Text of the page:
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While there is no question that the future of segmentation and the future of innovation are increasingly intertwined, strategic innovation generates a portfolio of questions about innovators’ desire to service the segments that matter and ignore those that don’t. Most innovators could afford to invest far less creative effort on improving their innovations in favor of investing more ingenuity in finding customer segments that matter. That’s what HugeBank is now doing. The pleasant surprise? Improving the segmentation enhances the innovation. The needs of that 90 percent become clearer; the trends for that vital 10 percent stand out.

So a most intriguing aspect of a digital medium such as the Internet is that it turns the traditional practices of marketing inside out. Ordinarily, innovative companies spend lots of management time and effort identifying key customers and defining strategic market segments. But as the HugeBank anecdote demonstrates, the rise of Internet-based product and service innovations gives customers the opportunity to unconsciously  segment themselves.

This change should mean a marketing revolution for savvy innovators. Instead of shepherding their customers into predefined market segments, innovators can creatively leverage digital interactions to enable customers’ cost-effective self-segmentation. In other words, instead of spending money to sort out customers, spend money to let customers do it themselves. More often than not, the economics and insights that are derived from self-segmentation prove more favorable than traditional approaches. HugeBank has discovered that it’s cheaper to model services that are based on how customers actually bank online than it is to design new products and marketing campaigns that attempt to change customers’ behaviors.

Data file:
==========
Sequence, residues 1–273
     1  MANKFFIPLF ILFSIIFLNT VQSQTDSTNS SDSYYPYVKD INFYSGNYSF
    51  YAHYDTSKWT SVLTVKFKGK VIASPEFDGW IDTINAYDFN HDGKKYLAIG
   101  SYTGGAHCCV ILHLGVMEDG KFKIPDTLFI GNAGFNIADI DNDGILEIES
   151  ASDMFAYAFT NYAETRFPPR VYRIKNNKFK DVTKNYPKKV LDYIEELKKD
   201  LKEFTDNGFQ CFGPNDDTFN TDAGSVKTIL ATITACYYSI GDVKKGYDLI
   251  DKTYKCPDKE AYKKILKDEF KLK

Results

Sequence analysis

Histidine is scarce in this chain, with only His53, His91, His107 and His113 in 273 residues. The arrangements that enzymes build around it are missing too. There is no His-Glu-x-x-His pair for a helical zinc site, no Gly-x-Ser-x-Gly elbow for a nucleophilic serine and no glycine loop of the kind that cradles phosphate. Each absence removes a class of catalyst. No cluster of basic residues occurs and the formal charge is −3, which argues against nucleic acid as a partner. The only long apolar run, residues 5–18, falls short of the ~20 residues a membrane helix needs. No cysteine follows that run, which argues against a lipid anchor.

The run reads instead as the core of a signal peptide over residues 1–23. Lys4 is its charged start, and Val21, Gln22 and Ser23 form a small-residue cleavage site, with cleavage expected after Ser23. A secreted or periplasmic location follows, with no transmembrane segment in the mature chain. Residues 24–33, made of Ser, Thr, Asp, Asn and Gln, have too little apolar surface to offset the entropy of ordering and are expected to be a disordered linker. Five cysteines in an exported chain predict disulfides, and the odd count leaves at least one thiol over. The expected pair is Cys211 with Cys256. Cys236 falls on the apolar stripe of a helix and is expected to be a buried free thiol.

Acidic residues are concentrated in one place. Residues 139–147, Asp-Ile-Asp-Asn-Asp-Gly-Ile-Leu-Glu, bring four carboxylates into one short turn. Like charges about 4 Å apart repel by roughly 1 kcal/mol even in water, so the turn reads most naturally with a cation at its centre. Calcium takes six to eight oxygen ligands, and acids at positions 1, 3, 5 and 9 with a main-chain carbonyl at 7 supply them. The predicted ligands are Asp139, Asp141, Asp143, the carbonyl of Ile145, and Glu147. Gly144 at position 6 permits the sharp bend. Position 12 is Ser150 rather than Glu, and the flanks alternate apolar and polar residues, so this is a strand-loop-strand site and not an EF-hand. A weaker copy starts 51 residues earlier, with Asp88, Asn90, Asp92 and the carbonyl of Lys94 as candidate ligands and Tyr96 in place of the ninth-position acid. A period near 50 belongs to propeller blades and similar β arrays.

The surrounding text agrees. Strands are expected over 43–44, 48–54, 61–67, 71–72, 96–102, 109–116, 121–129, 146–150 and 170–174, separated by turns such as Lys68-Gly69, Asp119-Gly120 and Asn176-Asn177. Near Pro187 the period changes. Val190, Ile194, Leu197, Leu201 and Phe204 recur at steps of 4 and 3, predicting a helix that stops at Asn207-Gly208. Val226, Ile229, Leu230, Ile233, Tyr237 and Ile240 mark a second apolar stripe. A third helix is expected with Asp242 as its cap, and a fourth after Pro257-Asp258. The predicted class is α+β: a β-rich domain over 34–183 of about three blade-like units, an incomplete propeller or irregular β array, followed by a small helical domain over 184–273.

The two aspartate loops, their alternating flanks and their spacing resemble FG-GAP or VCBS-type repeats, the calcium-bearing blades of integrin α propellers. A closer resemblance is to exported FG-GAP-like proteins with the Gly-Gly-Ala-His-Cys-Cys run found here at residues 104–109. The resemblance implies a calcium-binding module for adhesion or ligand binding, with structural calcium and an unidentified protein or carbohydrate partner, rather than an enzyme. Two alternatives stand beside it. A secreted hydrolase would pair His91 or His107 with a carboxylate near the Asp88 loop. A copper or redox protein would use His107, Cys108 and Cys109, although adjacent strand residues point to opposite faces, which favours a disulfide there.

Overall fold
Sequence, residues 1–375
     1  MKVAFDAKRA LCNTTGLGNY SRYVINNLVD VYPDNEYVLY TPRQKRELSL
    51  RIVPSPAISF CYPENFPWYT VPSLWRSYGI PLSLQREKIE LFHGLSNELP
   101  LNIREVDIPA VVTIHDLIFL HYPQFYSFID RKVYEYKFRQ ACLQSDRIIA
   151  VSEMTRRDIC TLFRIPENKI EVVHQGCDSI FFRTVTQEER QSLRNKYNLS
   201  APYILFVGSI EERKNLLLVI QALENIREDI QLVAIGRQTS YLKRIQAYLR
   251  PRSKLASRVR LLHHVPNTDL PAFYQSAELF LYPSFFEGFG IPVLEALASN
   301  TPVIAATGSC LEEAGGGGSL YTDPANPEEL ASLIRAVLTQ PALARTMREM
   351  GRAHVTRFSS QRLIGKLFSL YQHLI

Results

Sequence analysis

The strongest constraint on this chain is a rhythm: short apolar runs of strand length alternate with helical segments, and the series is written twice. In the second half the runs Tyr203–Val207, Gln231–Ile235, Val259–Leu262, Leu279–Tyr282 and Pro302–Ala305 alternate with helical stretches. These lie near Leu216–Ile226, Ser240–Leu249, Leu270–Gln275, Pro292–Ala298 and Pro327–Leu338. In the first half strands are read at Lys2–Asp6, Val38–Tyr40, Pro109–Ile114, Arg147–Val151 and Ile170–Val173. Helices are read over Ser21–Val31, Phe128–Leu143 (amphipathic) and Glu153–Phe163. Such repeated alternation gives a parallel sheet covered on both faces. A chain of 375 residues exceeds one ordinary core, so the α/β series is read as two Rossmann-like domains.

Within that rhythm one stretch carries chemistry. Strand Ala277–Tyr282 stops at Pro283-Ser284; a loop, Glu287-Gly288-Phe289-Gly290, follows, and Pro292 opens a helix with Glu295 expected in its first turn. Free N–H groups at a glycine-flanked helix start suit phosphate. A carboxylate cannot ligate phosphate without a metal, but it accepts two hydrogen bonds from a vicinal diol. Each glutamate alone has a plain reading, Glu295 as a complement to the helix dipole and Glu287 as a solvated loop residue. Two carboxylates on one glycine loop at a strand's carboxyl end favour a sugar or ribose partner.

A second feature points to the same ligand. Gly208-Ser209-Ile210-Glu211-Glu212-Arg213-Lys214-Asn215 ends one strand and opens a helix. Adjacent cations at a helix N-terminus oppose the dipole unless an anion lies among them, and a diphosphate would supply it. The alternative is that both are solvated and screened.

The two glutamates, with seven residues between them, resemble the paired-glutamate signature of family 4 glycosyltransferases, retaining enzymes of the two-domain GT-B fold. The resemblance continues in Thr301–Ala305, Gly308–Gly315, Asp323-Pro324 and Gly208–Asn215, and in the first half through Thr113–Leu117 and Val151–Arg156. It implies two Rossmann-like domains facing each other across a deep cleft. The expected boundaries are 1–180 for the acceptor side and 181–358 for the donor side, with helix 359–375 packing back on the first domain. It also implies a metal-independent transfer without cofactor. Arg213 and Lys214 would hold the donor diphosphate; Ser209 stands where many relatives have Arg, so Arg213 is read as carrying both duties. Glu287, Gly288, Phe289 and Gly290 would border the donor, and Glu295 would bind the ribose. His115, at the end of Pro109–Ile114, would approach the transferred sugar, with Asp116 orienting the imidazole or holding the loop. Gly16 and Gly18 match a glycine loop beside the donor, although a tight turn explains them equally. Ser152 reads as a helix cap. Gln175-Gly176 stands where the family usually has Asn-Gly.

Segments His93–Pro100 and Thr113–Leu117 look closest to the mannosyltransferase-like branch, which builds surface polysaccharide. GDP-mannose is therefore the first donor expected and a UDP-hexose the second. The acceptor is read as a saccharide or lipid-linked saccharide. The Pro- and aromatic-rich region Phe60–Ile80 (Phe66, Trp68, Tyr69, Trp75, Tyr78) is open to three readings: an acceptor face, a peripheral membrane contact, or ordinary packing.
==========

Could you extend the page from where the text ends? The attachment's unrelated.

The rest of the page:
The fact is, network economics allow innovators to outsource the vital market-segmentation function. That makes targeted innovation initiatives even more cost-effective. The business challenge is to pick the right segments. Should innovators follow the money? Can they afford to underinnovate or underinvest in what might be the segments of tomorrow?

To be sure, some business pundits believe that the ultimate destiny of segmentation is personalization and that technology will transform mass production into mass customization. Perhaps it will. But in the final analysis, customers have as many traits and preferences in common as they do differences. Market differentiation emerges from the differences, but economies of scale emerge from the commonalities. The economics of segmentation will drive tomorrow’s economics of innovation.

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